After 6 weeks in Europe - fancy cheeses, wine and new foods, I couldn’t wait to get home and eat a peanut butter sandwich! Chunky style on dense wheat bread with a cold glass of milk. Yum...

43. by Lorien on Feb 24, 2010 at 2:47 PM PST

I have a weekly not eating out favorite event. My husband decided a couple of years ago that he no longer wanted to eat in restaurants (as he put it, “the people cooking in restaurants don’t love me”), and after a while what I found myself missing most was pizza. So, I started buying pre-made pizzas at the supermarket and doctoring them with garlic, sliced olives, spinach, extra cheese, etc. Now every Saturday we have excellent pizza at home, while watching a current DVD we have been looking forward to. It’s really fun!

44. by Don Glass on Feb 24, 2010 at 3:09 PM PST

There is a great deal of joy in the anticipation about the prepping, planning and cooking that goes with eating in... creating your own dinner party.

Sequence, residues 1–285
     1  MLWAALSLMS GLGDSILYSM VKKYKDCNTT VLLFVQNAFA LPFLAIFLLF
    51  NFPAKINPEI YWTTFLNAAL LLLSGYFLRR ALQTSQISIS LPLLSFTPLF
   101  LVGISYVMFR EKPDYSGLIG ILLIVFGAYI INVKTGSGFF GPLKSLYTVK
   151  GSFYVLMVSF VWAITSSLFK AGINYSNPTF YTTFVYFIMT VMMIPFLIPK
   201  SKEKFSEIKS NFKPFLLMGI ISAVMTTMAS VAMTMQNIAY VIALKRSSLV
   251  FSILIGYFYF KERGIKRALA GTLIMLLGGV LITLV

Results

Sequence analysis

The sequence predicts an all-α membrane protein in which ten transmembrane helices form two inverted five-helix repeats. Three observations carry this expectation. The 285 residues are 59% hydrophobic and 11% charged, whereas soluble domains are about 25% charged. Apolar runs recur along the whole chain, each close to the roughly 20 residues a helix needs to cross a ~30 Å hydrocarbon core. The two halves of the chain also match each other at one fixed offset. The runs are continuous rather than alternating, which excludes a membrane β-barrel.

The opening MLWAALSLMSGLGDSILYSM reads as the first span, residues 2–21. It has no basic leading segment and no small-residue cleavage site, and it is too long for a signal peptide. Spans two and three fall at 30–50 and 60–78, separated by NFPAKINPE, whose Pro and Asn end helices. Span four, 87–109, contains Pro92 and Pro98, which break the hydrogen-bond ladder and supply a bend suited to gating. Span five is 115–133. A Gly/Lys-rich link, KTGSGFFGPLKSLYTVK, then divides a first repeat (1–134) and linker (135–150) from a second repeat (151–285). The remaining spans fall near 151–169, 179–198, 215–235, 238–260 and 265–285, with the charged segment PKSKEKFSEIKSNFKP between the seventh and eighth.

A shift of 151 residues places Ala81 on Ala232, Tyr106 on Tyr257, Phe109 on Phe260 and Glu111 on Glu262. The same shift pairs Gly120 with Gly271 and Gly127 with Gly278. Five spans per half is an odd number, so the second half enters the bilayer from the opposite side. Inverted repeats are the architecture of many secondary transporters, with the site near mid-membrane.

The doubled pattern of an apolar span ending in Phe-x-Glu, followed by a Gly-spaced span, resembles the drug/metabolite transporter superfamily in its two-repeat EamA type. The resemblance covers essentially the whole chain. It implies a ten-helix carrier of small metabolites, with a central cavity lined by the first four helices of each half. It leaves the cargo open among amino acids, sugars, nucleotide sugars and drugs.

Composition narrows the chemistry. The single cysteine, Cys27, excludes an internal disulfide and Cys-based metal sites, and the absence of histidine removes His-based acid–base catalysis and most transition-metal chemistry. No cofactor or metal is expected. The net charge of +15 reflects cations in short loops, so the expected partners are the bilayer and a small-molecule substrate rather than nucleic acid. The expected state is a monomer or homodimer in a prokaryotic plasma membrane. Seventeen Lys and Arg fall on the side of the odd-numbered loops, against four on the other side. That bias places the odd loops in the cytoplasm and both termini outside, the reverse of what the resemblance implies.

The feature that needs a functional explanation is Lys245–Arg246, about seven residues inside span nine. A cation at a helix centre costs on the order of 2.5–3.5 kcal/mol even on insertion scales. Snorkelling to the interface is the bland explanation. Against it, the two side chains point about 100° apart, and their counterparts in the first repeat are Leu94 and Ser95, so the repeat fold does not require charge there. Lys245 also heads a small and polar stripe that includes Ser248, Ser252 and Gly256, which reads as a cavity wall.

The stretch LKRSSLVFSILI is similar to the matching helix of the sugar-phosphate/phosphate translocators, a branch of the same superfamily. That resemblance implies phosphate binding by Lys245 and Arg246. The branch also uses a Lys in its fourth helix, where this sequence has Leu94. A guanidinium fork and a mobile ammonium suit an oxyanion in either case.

Planning a meal for friends is fun and challenging and educational.
While I do enjoy eating out... especially the no clean-up part... I enjoy sharing great meals (most times)with friends at home.

45. by Sharon Aquilino on Feb 24, 2010 at 3:36 PM PST

I started out making gnocchi from my grandmothers recipe for a blind date. Something I learned to make at the age of 5. Something went wrong and I made calls to both grandmothers. One said to add flour the other said to add more potatoes, after much ado we went ordered pizza.